Updated Nov. 15 at 7:30 a.m. with clarification that the Boise School District’s resolution for funding flexibility for pre-kindergarten programs includes services for 4 year olds.
Idaho school trustees plan to vote on using tax dollars to fund school-readiness programs for 4 year olds.
It’s one of several issues they plan to consider during this year’s Idaho School Boards Association convention at the Boise Centre.
The annual three-day conference kicks off Wednesday and features training and networking opportunities for school board members. It ends with an open caucus of trustees from across Idaho that will either accept or reject a series of resolutions aimed at shaping the ISBA’s top priorities ahead of the 2019 legislative session.
Here are this year’s resolutions:
Funding flexibility for kindergarten prep programs. The Boise School District wants the Legislature to change a law that prevents districts and charter schools from using state funds to support pre-kindergarten preparation programs.
The current resolution does not specify what age group the programs would serve. However, Boise trustee Beth Oppenheimer told Idaho Education News that the resolution would reduce the state’s approved school-starting age from 5 years old to 4 years old.
Oppenheimer said she’s working with fellow school board members and the ISBA to clarify the age change ahead of Friday’s caucus.
Amending the law would “allow flexibility for local districts and charters schools to use state dollars as they see appropriate in supporting children entering kindergarten,” the resolution reads.
Boise trustees cite US Census Bureau data showing that 69 percent of the state’s 3- and 4-year-olds are not enrolled in an early childhood education program. They say this gap hinders school readiness, with “49 percent of ldaho’s children enter(ing) kindergarten with below grade level reading skills.”
The resolution would neither amend the age threshold for children enrolling in either kindergarten or first grade, nor require local districts or charters to establish readiness programs.
The ISBA’s executive board supports the resolution.
Funding for all-day kindergarten. Also aimed at improving performance among young learners, state funding for all-day kindergarten isn’t a new idea in Idaho. Trustees in the West Bonner County and Genesee Joint districts have a resolution to make it happen.
Idaho now provides funding for half-day kindergarten. Trustees cite three reasons to make it enough for full-day services:
Research showing an increase in the number of full-day kindergarten programs improves “various social, economic, and educational factors.”
An ldaho Association for the Education of Young Children survey that found 75 percent of Idahoans polled were either “very likely” or “somewhat likely” to send their children to public preschool.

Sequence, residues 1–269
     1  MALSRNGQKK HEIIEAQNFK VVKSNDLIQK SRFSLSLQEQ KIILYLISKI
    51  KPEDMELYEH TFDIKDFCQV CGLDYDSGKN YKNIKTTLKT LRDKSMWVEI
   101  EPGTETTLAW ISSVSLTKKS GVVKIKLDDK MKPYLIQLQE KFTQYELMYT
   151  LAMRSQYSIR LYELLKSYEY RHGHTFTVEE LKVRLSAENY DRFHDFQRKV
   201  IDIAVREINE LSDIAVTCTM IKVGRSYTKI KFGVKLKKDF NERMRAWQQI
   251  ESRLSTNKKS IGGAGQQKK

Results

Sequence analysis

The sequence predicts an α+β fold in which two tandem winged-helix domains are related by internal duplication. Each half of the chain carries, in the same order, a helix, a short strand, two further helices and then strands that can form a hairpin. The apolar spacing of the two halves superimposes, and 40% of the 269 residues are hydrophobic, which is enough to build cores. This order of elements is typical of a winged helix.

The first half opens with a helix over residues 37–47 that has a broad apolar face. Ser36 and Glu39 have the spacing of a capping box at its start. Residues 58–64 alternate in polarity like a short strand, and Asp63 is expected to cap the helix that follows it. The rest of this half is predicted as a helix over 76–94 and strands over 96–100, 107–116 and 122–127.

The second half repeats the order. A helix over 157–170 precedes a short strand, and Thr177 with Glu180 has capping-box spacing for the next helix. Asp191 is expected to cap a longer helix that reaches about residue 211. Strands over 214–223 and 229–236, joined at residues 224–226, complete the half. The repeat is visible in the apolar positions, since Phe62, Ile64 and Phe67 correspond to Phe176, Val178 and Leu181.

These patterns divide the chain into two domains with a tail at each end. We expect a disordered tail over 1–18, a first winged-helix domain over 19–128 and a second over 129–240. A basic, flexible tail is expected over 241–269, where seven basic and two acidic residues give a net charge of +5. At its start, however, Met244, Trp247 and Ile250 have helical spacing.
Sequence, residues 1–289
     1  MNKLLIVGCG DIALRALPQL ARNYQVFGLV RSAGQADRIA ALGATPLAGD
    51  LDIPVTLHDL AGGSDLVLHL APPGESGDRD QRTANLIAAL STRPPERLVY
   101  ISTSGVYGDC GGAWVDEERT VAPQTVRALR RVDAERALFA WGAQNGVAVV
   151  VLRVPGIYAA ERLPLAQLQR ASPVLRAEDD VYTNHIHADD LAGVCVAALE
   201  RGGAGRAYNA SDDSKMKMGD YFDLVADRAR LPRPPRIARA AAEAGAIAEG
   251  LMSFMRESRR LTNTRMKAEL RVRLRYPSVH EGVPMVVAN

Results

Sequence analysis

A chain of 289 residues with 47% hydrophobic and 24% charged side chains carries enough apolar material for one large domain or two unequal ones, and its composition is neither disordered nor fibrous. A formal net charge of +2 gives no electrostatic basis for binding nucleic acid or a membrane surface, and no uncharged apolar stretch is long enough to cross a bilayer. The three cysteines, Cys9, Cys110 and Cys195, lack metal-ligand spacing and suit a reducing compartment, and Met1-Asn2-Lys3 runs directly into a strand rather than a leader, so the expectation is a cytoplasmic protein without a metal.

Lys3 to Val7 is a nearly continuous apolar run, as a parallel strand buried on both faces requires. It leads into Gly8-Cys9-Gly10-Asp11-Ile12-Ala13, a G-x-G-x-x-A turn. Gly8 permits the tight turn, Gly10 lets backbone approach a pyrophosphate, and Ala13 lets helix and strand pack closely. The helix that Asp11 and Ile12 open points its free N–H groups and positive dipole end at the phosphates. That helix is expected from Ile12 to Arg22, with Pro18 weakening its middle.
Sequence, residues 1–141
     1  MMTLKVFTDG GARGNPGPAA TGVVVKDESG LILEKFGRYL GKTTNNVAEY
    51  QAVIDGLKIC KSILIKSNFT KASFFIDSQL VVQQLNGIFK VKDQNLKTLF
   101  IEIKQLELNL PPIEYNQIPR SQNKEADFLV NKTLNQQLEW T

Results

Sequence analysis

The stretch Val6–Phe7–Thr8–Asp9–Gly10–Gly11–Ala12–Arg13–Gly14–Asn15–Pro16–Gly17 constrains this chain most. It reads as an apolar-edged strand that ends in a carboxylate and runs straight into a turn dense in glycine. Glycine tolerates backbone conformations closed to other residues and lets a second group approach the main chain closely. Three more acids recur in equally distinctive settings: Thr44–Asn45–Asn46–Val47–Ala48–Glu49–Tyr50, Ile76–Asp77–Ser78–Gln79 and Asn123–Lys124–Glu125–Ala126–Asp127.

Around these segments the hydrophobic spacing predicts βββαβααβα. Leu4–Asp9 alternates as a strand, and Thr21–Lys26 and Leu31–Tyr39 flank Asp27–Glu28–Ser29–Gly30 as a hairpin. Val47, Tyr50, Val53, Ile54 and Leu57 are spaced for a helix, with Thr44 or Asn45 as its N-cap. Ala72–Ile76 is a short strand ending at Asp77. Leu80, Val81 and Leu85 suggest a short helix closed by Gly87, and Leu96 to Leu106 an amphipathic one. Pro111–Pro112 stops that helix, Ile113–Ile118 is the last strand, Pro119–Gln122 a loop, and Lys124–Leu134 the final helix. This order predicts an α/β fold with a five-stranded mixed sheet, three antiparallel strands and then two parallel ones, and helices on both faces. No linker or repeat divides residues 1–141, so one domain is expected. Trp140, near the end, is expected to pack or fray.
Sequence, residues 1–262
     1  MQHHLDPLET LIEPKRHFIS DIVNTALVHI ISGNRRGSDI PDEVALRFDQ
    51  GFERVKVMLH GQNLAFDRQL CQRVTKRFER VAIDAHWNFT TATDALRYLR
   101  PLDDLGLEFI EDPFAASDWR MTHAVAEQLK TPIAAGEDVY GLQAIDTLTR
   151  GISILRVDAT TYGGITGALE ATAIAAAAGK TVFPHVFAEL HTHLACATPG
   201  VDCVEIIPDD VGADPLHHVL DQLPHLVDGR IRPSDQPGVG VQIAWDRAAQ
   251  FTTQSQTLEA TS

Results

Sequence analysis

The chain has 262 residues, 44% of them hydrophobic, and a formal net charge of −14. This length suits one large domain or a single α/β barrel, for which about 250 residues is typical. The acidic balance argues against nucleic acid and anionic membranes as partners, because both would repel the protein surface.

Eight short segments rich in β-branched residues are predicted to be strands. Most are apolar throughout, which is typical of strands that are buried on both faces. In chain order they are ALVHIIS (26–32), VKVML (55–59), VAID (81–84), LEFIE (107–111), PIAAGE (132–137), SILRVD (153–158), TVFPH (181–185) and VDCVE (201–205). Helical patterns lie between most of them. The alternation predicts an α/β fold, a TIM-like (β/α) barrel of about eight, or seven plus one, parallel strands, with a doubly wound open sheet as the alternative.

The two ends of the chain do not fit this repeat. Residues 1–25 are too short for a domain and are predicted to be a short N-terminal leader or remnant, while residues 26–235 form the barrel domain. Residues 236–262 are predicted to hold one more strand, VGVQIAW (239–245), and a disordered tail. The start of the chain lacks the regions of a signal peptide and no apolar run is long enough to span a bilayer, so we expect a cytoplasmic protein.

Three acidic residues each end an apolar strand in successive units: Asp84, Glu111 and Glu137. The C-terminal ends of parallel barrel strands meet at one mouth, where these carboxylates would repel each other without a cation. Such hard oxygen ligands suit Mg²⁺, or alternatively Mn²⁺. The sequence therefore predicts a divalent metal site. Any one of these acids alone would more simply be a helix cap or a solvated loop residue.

Eighty-four traditional and charter schools in Idaho already offer full-day kindergarten to students — without state funding for a full time teacher.
Trustees say the change would “increase financial stability” for these schools and decrease the reliance on local funding through supplemental levies or other discretionary dollars.
The ISBA’s executive board does not support this proposal and will provide details for why at the conference.
Strategic plans and reporting requirements. The Boise School District drafted a resolution to amend the the state’s continuous improvement plan law and revert to a strategic plan.
Boise Superintendent Don Coberly addressed the resolution at a “red tape” committee meeting in Boise Since last month. The 17-member committee has focused on ways to cut down on compliance-based reporting requirements, with some arguing that changing the law would free up administrators and education officials to focus on academics and learning.
Boise’s resolution would still require data-driven strategic plans, Coberly said, but it would remove 14 different “student readiness metrics” now required by law.
Coberly said many districts are forced to develop two strategic plans: one to guide district decisions, and a second to satisfy state reporting requirements.
“There is increasing concern about the amount of paperwork in general, whether it’s evaluations or strategic plans or literacy plans,” Coberly told Idaho Education News in October. “It has just become all-consuming.”
Rep. Wendy Horman, R-Idaho Falls sponsored the original law. She did not respond to a request for comment about the resolution.
The ISBA’s executive board supports the resolution.
Other resolutions for this year’s conference:
Providing salary-based apportionment for classified schools staffers.
Reducing the state’s two-thirds supermajority vote requirement for passing school bond issues.
Reducing the state’s two-thirds majority requirement for school boards to enter into executive sessions.
Opposing public funds from being diverted to private schools.
Using sales tax revenue from new construction to supplement the costs of school bond issues.
Amending state law to establish a fixed flat rate of allowable transportation expenses reimbursable to some districts.
Providing recourse for charter schools whose chartering entities do not carry out the charter renewal process steps by state-imposed deadlines.
Allowing officers to place those threatening violence on schools grounds in custody.
Allowing additional flexibility in making teacher assignments outside an educator’s endorsement area.
Literacy — and helping at-risk students pick up reading skills by third grade — is Idaho Gov. Brad Little’s top legislative priority. Lawmakers appear poised to build the program’s budget from $13 million to $26 million.